Hearing that something was "Made in the U.S.A." makes many people feel confident in the product ... especially when it's something you ingest! In fact, more than three out of four voters are confident that prescription drugs made in the USA are free from drug contamination, while fewer than one in 10 feel confident about medications made in India or China, according to a poll released today by the Pew Charitable Trust's Prescription Project. But how do you know that your medication didn't come from one of those countries?
Unbeknownst to many Americans, an estimated 80% of the substances used to make or package drugs sold here are made in other countries, says Allan Coukell, a pharmacist who directs the medical safety portfolio for the Pew Health Group. And a growing proportion come from India or China. In 2007, 68% of ingredients of drugs sold worldwide came from India or China, vs. 49% in 2004.
Not that consumers can tell where medications were made, Coukell says: "When you buy a shirt, it will say right on the label where it was made, but when you get a pharmaceutical, you don't know."
Monitoring far-flung plants presents a logistical challenge to the Food and Drug Administration, Coukell says. "They clearly don't have the people or the resources they need to oversee manufacturing the way it exists today."
In 2007 and 2008, more than 100 patients in the USA died after taking heparin made with a contaminated active ingredient from China.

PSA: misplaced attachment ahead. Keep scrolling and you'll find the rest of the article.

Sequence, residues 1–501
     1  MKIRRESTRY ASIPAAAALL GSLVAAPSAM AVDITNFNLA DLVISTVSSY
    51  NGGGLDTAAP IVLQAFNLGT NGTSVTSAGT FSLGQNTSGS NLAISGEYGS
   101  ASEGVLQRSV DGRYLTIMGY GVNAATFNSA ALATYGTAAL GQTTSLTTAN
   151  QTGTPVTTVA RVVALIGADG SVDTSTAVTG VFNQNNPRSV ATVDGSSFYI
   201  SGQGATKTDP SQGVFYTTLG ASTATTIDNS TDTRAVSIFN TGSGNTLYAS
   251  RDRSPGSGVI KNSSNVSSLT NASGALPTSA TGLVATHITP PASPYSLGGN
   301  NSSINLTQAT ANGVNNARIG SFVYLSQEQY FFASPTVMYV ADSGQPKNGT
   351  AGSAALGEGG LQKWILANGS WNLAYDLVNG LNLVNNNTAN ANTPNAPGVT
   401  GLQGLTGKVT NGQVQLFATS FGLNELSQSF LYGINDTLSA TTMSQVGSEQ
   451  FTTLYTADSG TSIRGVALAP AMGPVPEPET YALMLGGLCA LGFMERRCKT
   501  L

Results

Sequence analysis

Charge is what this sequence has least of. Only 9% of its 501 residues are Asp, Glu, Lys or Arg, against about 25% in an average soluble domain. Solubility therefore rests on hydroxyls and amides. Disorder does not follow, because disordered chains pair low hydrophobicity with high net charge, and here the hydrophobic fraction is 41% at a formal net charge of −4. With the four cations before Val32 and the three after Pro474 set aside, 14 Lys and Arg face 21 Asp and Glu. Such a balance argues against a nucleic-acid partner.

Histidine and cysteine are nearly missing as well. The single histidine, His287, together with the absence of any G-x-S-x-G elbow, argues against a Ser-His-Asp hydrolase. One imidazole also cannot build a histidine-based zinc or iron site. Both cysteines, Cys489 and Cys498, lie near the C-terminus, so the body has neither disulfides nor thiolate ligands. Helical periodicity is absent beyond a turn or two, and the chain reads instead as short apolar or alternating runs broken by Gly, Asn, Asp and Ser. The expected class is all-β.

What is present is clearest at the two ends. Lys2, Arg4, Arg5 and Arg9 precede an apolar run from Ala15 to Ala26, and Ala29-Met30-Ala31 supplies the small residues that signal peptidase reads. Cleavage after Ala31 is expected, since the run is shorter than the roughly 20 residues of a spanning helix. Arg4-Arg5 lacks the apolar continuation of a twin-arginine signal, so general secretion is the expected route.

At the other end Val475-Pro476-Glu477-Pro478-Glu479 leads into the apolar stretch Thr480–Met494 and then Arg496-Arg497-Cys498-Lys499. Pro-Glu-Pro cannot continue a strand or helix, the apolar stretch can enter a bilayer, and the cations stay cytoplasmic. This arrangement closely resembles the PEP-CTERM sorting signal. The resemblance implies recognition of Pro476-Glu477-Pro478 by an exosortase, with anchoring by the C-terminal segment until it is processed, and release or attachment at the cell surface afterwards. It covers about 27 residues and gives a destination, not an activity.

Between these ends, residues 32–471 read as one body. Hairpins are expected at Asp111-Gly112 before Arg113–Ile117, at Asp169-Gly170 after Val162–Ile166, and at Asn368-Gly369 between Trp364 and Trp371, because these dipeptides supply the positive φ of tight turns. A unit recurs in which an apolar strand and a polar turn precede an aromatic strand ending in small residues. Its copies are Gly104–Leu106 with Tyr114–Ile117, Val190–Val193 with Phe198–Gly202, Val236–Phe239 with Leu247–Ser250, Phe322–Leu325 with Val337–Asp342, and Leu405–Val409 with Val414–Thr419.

Complicating matters is the FDA's inability to order recalls of batches of drugs that might pose a risk, Coukell says. (The FDA can withdraw approval of a drug, taking it off the U.S. market entirely.)
Even so, drug recalls soared 400% from 2008 to 2009, which saw a record 1,742, according to the Drug Safety and Accountability Act of 2010, to be introduced today by Sen. Michael Bennet, D-Colo. Bennet's bill would empower the FDA to order recalls of unsafe batches of drugs.
According to the Pew random nationwide survey of 802 registered voters, 55% say the government should do more to ensure the safety of drugs made in other countries, and nearly nine in 10 back legislation to implement new drug safety measures.
"Brand-name pharmaceutical companies make tremendous investments in quality-control systems," Ken Johnson, senior vice president of the Pharmaceutical Research and Manufacturers of America, a prescription-drug trade group, said in a statement. "The U.S. regulatory system for prescription drugs is the toughest and safest in the world."
In an interview, Bennet said McNeil Consumer Healthcare's recall this year of more than 130 million bottles of over-the-counter children's medicines fueled his concerns. Referring to his daughters, ages 10, 9 and 6, he said, "I want to make sure any pharmaceuticals they're ingesting are safe."
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